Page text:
The processing and preparing of foods made with tagatose must accommodate certain temperature reactivities because tagatose-containing products brown and caramelize more readily than sugar-containing baked foods. In certain applications and under controlled conditions, this can be very desirable.
For example, added at up to 2% in muffins, tagatose contributes to nice crumb development and rich, toffee flavor. If added at a level of 0.5% to 1.0% in bread, toasting time is cut in half, and a nice, homogeneous color will develop in the toasted bread. Tagatose also has application in frostings and icings because it maintains sweetness but has only a minimal effect on blood glucose levels. This is desirable for products intended for diabetics.
Tagatose is made via a patented procedure from lactose (milk sugar) in a 2-step process. In the first step, lactose is hydrolyzed to glucose and galactose. In the second step, galactose is isomerized to D-tagatose by adding calcium hydroxide. D-tagatose is then further purified by means of demineralization and chromatography. The final product is a white crystalline substance that is greater than 99% pure.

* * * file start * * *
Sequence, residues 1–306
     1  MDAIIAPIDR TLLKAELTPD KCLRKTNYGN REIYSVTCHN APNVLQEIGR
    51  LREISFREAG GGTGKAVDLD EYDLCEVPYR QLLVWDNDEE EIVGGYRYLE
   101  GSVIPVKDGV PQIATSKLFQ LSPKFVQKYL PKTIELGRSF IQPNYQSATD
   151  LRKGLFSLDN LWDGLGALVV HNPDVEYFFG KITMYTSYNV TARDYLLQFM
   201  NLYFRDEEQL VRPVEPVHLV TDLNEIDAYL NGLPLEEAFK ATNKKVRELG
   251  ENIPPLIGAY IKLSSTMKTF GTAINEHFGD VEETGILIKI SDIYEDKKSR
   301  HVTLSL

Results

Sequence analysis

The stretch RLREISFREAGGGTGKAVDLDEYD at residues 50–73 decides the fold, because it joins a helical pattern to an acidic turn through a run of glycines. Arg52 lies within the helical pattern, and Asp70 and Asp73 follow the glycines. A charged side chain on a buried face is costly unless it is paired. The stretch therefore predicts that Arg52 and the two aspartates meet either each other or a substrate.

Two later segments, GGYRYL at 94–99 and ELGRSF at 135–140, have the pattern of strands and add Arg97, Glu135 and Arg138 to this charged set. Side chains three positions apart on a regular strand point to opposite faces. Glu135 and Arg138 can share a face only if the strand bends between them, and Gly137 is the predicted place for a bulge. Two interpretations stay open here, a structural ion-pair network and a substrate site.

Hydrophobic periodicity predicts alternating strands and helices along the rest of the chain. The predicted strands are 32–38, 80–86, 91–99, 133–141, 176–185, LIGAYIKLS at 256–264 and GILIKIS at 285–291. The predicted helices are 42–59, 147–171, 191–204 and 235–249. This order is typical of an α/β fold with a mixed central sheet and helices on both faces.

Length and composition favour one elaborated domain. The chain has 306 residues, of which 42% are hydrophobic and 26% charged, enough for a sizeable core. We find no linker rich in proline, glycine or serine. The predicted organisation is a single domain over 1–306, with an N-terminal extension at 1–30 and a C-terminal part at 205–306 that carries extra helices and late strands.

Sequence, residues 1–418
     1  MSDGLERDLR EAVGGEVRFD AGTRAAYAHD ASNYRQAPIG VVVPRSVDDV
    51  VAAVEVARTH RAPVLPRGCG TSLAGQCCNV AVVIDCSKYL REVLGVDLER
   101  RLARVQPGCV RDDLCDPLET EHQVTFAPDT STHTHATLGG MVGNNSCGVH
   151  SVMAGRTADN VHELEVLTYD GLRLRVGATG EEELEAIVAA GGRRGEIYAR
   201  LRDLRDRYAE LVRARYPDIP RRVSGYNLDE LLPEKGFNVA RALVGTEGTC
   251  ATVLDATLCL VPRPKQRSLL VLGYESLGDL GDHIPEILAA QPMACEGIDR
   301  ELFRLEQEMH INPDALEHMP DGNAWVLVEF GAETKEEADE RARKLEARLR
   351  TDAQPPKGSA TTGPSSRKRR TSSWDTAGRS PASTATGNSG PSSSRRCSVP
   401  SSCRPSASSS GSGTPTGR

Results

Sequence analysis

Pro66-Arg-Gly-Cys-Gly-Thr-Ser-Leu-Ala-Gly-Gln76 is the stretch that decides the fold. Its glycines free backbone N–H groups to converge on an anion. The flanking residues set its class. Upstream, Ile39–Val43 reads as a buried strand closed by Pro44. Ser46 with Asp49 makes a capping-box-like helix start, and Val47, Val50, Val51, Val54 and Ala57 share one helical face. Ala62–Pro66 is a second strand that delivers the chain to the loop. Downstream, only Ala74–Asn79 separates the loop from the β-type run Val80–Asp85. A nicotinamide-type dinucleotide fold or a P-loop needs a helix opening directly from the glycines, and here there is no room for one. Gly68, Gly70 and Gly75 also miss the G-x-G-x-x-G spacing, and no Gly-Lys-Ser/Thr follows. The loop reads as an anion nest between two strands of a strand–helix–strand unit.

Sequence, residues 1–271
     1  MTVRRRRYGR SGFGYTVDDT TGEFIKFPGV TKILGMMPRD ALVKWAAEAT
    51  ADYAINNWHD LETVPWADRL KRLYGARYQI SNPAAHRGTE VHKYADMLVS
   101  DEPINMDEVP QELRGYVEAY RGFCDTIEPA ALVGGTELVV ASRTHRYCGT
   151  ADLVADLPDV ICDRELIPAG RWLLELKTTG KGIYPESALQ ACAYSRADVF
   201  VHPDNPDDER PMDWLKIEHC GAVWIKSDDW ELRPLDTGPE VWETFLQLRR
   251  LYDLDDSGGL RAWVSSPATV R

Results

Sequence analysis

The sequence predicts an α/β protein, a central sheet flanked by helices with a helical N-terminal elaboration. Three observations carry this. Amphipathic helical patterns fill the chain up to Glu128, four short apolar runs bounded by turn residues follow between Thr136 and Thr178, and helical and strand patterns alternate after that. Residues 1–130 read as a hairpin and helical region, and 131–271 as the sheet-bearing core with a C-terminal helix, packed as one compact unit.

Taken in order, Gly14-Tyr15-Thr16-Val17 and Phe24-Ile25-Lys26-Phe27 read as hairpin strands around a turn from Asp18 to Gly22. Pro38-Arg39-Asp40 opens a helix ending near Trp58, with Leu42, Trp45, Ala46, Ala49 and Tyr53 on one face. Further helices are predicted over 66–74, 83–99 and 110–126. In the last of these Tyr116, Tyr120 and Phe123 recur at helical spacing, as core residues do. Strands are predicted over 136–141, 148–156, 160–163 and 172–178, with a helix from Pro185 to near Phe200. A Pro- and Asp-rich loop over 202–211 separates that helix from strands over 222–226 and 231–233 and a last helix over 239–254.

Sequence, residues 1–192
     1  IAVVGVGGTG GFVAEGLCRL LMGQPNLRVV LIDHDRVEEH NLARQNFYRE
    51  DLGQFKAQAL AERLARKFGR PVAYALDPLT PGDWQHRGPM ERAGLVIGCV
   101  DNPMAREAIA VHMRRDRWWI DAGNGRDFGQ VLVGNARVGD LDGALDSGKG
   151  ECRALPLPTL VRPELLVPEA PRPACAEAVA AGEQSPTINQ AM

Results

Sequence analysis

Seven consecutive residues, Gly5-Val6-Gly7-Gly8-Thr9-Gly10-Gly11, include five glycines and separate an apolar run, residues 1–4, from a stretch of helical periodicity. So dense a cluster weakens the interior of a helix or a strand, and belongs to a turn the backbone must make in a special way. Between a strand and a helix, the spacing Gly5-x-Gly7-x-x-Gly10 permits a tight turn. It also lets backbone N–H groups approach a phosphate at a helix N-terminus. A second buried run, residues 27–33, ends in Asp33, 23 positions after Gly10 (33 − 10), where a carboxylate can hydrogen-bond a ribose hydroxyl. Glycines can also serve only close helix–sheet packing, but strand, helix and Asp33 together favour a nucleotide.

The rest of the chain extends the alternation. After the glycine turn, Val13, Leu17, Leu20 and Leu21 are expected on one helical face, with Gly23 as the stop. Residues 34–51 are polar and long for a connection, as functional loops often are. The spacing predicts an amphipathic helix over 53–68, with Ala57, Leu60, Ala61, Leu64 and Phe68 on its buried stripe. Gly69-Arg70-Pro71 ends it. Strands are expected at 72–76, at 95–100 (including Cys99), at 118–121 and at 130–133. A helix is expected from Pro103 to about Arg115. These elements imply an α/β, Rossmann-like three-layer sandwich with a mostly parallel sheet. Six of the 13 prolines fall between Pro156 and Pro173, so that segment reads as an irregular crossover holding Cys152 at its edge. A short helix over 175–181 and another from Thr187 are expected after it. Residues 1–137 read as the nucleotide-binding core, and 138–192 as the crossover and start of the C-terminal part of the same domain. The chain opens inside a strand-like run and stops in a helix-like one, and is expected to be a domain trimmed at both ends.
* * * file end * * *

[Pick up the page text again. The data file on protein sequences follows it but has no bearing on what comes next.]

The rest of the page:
Tagatose is attracting the attention of bakers because it creates unique opportunities to develop products for the burgeoning health-and-wellness marketplace. Only 15% to 20% of tagatose is absorbed in the small intestine. The major part of ingested tagatose is fermented in the colon by indigenous microflora. This prebiotic effect has been proven through clinical research, which has shown an increase of good bacteria in the large intestine and colon after consumption. Tagatose selectively promotes the production of butyrate and lactic acid bacteria, which are essential to maintain a healthy digestive system. Like dietary fibers, tagatose is broken down by the gut bacteria to short-chain fatty acids, which decrease acidity in the large intestine and are recognized as beneficial for a healthy epithelium in the large intestine. The unique combination of sweetness with the prebiotic effect enables creation of great-tasting, better-for-you baked foods.